These parking spaces should be regulated and priced for 85 percent occupancy. At that occupancy level, usage is maximized with enough turnover that there’s pretty much always a parking spot available on every block face. That is ideal to maximize drivers’ access to the curb and businesses’ access to customers.
EV-charging in denser urban environments where space is at a premium adds another consideration into the mix. A charging spot has value for access to the neighborhood AND access to charging. Cities will need to right-price charging in these highly desirable locations to get outcomes that maximize the use of the chargers—and also achieve appropriate turnover access to the curb. To accomplish this, they may need to charge for both parking and charging in the same spot.
Finally, it’s important to note that the federal government’s primary program for investing in charging infrastructure in communities—the Community Fueling Infrastructure (CFI) program’s Community Charging and Fueling Grants—allows pricing for both parking and charging for curb sites, but unfortunately not for parking lots. In dense neighborhoods and downtowns with lots of demand for the curb, a gated municipal garage may be the most sensible place for chargers. The program needs to be fixed so that cities have the flexibility they need to apply the appropriate price in the appropriate location—as long as it’s transparent, simple and seamless for the user.
We’re in the early stages of the EV transition, and we need to accelerate if we’re to reduce transportation emissions fast enough to avert the worst impacts of climate change. Since access to charging is one of the biggest impediments to drivers purchasing EVs, we need to get a bunch of it out there quickly and cheaply. It makes sense right now to be opportunistic and take advantage of existing grid infrastructure, even as we know we need to invest in the grid to build a more substantial charging network.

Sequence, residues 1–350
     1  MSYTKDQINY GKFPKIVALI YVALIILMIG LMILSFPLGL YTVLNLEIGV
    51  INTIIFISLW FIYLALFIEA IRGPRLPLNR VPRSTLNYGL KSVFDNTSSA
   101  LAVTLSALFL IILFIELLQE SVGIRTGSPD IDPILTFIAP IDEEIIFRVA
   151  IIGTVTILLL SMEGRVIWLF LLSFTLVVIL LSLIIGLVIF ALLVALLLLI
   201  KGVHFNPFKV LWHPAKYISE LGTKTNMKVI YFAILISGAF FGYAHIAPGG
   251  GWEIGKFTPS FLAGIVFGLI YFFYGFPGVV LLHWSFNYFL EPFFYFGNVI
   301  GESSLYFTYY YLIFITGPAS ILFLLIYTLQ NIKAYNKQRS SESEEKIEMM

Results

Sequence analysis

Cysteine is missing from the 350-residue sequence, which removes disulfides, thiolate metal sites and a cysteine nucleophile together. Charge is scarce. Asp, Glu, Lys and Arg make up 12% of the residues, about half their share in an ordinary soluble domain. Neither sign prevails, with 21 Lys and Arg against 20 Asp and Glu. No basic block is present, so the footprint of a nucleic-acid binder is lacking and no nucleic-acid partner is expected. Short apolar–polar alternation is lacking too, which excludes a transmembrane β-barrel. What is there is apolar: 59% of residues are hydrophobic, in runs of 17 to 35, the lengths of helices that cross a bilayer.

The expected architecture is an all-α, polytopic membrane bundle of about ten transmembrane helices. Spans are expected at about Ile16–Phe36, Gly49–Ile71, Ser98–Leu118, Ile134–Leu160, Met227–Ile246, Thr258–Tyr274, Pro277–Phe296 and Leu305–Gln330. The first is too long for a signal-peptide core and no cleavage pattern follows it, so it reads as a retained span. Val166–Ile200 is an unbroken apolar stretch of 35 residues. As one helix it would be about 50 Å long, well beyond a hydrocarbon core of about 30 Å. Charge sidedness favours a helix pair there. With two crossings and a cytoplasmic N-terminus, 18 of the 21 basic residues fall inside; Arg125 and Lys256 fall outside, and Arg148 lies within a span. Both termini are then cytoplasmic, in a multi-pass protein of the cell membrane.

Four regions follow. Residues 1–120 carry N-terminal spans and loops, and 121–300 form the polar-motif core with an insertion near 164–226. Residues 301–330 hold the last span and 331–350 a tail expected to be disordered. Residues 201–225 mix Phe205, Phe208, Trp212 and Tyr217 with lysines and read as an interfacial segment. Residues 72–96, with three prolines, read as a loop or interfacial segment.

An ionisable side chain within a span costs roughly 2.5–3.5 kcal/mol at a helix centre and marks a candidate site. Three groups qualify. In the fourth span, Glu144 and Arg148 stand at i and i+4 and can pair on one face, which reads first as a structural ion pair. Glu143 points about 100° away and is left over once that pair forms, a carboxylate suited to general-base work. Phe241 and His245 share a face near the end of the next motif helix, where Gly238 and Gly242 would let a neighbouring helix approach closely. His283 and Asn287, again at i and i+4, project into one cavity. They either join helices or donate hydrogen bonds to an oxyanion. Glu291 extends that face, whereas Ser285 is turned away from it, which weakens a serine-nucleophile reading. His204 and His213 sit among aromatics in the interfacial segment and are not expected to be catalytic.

There’s a lot we can do quickly. For one, some EV owners are charging their cars at the curb with a cord that runs from their house across the sidewalk. Cities like Portland have adopted rules to allow Level 1 charging from house to curb as long as the cord runs through an ADA-compliant cord cover across the sidewalk. This can be a good way to quickly provide more access to charging for those without off-street parking, as long as residents aren’t misled to think they own the public parking in front of their house.
Cities are also looking at ways to deliver curbside, public, Level 2 charging using existing grid infrastructure. Los Angeles and other cities have been installing Level 2 chargers at streetlights. The electricity service is already there, so it’s a great place to put one or two charger ports. The private company Itselectric has developed a technique for using spare capacity in buildings fronting the street to install a Level 2 charger at the curb.
Federal programs are failing to support any of these opportunistic solutions. The Community Charging Grants arbitrarily require all charging stations funded by the program to have four ports. This precludes funding for the sensible, quick solutions above. It also reflects a gas station mindset of having a bunch of charging in a centralized location. As we discussed in the post in this series on Charger Oriented Development, this approach fails to maximize the potential of EV-charging. When all you need is access to a plug, especially for Level 1 and Level 2 charging, there is no reason why we can’t have charging infrastructure distributed more diffusely in the urban environment.
The bottom line
Communities are navigating brand new territory as they figure out what works best for public charging in their communities. New ideas and challenges will continue to emerge, and consensus on the most urgent needs will evolve as the EV transition continues to gain momentum. Public agencies will need to be flexible and nimble for us to get the most out of investments in public charging.